Margin is borrowing money from your broker to buy a security and using your investment as collateral. Investors generally use margin to increase their purchasing power so that they can own more securities without fully paying for it.  The amount owed to the broker is called the debit balance.  Through the use of leverage, investors attempt to magnify gains on actual cash or collateral deposited into their accounts.  But at the same time, the use oft margin exposes investors to the potential for higher losses.  Another reason for borrowing money from brokers is the feature involving a no-repayment-date loan.  This feature is generally not available through other types of lending institutions, including banks.  The no-repayment feature, although very attractive, can be fraught with danger.  The investor should be made aware that if the value of securities on deposit with the broker declines substantially, the broker will require additional funds or collateral to protect the loan.

There are 2 primary types of margin requirements: initial and maintenance.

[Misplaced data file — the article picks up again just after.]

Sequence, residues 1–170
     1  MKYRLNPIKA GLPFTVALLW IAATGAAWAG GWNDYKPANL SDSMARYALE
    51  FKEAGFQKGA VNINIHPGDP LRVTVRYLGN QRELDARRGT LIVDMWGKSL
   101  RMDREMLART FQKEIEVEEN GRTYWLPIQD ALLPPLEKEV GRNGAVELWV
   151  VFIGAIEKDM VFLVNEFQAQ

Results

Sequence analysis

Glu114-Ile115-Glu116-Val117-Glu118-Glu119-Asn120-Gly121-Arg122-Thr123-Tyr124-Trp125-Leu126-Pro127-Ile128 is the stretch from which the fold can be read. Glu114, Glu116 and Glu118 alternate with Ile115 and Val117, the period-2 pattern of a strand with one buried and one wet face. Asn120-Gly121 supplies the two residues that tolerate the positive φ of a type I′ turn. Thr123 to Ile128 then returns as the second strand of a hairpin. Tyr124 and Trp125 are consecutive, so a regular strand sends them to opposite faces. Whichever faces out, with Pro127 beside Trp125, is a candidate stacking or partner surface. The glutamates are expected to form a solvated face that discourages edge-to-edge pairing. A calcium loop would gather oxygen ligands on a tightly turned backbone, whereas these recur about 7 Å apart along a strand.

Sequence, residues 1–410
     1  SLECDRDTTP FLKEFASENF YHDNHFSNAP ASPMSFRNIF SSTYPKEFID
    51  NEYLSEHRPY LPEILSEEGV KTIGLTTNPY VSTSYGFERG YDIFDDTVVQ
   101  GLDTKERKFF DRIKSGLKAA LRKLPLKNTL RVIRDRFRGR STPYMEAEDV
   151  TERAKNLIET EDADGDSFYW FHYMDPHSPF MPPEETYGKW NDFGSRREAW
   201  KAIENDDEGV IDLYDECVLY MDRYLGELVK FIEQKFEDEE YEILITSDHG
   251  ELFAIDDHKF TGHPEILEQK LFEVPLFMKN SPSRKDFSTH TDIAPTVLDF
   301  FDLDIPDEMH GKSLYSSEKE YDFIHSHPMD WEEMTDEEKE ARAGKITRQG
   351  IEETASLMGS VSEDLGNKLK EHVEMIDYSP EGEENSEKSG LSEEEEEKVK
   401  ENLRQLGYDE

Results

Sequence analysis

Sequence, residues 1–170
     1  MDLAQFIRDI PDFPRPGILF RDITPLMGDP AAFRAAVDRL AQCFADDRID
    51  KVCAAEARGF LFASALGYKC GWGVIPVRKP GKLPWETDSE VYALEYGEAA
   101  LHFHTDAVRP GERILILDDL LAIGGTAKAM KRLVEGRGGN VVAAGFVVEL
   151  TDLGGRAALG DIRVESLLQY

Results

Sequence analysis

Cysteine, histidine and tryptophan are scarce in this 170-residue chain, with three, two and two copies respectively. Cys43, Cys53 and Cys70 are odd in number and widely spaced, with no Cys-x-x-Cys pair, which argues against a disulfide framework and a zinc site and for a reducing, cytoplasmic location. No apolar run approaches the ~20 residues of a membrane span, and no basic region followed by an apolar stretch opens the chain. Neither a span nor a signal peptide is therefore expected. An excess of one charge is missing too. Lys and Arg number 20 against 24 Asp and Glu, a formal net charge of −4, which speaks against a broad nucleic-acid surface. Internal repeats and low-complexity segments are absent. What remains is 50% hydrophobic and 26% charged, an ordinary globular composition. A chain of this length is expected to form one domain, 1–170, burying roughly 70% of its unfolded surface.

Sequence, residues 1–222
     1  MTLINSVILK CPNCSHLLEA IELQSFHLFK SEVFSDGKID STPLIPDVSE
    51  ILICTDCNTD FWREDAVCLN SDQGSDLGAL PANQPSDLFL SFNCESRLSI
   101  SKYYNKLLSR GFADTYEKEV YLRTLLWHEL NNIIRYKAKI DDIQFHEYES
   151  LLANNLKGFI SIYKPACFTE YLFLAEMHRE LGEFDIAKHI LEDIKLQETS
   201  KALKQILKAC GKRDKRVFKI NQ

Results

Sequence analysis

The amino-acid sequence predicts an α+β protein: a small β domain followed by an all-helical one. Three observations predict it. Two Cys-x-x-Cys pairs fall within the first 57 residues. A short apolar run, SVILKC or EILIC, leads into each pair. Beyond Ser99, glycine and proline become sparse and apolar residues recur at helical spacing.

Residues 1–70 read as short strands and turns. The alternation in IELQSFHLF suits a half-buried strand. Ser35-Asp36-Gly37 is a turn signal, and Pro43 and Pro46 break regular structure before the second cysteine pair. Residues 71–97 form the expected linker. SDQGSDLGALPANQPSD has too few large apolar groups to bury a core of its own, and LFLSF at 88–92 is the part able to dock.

To answer the above question, the reader should first review Florida Statute 48.193, which is titled “Acts subjecting persons to jurisdiction of the Courts of this state.”  The elements required for pleading a civil conspiracy in Florida are (1) a conspiracy between two or more parties, (2) to do an unlawful act or to do a lawful act by unlawful means, (3) the doing of some overt act in furtherance of the conspiracy, and (4) damage to the plaintiff as a result of the acts, performed in furtherance of the conspiracy. Under Florida law, civil conspiracy is a derivative of the underlying claims which form the basis of the conspiracy. The gist of a civil conspiracy is not the conspiracy itself but the civil wrong which is done through the conspiracy which results in injury to the Plaintiff. There is no independent action for civil conspiracy. Thus, generally an actionable conspiracy requires an actionable underlying tort or wrong. An act which does not constitute a basis for a cause of action against one person cannot be made the basis for a civil action for conspiracy. However, there is an exception to the rule where the plaintiff can show some peculiar power of coercion posses by the conspirators by virtue of their combination, which power an individual would not possess.